- Billy Tucker, Scouts, Football Recruiting
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Similar to 2008, this year's outside linebacker class is deep in talent and comprised of fast and rangy undersized prospects. That the classes are comparable makes sense; the position is changing at the college level. As evaluators, we are now seeking out prospects who can adjust to the increased speed of the game. With wide-open, spread offenses becoming so prevalent, defenses cannot afford to have perimeter linebackers who can't make plays in space or cover the field sideline-to-sideline.
Only two out of the impressive 12 OLBs who comprise the 2009 ESPNU 150 are taller than 6-foot-2, and just one tips the scale at more than 230 pounds. In most cases, speed trumps size for better impending college matchups. In a few cases, we have even projected smaller, inexperienced high school strong safeties as top outside linebacker prospects. The recruiting philosophy that size can be gained in a fulltime college weight-training program and speed and fast-twitch athleticism simply cannot be coached is popular among college defensive coordinators across the country and in the eyes of Scouts Inc.
Though there are fewer prototypical-sized linebackers in this class, there is definitely no shortage of big-time hitters. In fact, collectively, this may be one the more explosive groups of OLBs we have seen in recent years. It is filled with smaller linebackers whose blend of elite speed and closing burst in the short-area masks their leaner frames and gives them the apparent power on contact of a defender 20-25 pounds heavier. However, we did notice that these high-impact hits occasionally compromised proper tackling technique with this group, which we are sure will be refined quickly at the next level.
The striking part about this year's No 1. outside and overall linebacker prospect is that he fits the aforementioned speed and explosiveness attributes but actually checks in at solid 6-foot-2, 230 pounds. Manti Te'o (Honolulu/Punahou School) is one of the better overall football prospects to come out of Hawaii in recent years, and we project he will be wreaking havoc in the continenal U.S. the moment he straps on the pads. It's very difficult to find many physical weaknesses in Te'o's game at outside linebacker; he shows awesome power and strength at the point of attack and displays great burst and closing quickness, blowing up plays on the perimeter. One of the top undecided prospects in the country, Te'o has the measurables and coveted scheme versatility to develop into an outstanding strong or inside linebacker at the next level.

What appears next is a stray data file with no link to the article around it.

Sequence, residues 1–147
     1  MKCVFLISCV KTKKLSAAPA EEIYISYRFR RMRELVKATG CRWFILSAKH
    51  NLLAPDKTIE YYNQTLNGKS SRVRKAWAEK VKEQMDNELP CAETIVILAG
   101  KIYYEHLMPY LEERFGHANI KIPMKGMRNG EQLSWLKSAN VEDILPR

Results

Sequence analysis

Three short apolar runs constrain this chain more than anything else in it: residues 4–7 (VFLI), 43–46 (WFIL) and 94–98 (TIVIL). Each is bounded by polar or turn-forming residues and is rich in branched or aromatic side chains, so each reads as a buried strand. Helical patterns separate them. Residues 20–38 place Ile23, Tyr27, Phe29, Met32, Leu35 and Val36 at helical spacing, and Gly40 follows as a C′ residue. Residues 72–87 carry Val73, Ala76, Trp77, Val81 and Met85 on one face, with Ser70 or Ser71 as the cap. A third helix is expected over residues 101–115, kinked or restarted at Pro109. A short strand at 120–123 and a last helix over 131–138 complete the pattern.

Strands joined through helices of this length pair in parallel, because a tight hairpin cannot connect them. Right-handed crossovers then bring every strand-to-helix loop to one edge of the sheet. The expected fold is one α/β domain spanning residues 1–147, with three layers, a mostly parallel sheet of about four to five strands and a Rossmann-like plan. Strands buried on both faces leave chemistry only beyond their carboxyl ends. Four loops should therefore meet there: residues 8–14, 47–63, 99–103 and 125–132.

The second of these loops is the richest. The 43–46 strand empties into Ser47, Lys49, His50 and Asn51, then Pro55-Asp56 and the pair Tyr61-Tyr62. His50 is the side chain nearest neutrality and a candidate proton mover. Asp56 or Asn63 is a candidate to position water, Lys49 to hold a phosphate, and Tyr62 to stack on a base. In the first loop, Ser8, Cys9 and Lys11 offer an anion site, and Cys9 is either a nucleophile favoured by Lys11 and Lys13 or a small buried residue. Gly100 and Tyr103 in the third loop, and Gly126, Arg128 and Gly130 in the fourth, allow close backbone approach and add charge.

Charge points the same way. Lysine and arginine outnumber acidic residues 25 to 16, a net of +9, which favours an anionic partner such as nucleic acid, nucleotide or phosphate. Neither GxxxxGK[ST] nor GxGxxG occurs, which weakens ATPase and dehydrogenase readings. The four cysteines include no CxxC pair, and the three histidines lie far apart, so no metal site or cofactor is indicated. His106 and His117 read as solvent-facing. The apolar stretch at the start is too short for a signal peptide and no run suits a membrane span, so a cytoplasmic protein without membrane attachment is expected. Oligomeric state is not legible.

While Te'o may be one of the more college-ready OLBs right now, in terms of pure upside, we have not seen a defensive prospect like Jelani Jenkins (Wheaton, Md./Good Counsel) in years. ESPN's No. 2-rated OLB turned heads as a junior last fall with his great range and rare explosiveness closing in space. The intriguing part -- he was only 15 years old. The only traits this fast, attacking defender lacks right now are size and strength to shed bigger blockers, but we expect his longer, leaner frame to blossom to the 6-foot-2, 230-pound range in college -- while he retains his great speed and athleticism.
Te'o and Jenkins are both top-10 overall prospects in our recently released ESPNU 150 and currently are two of the most coveted, undecided defenders in the country. Dorian Bell (Monroeville, Pa./Gateway) possesses a similar ability to disrupt the offense's game plan, holds the label of being the top-rated player in his respective state, but is different because he made his commitment several months ago. The future Buckeye has already packed on impressive size from a year ago, when he terrorized opponents with his elite explosiveness and first-step quickness off the edge. He has game-changing closing speed, burst on the perimeter and is the type of defender Big Ten offensive coordinators will need to game plan around. Bell is a fierce hitter, and a kid whose motor never gears down on the football field.
Has Miami freshman Sean Spence been cloned?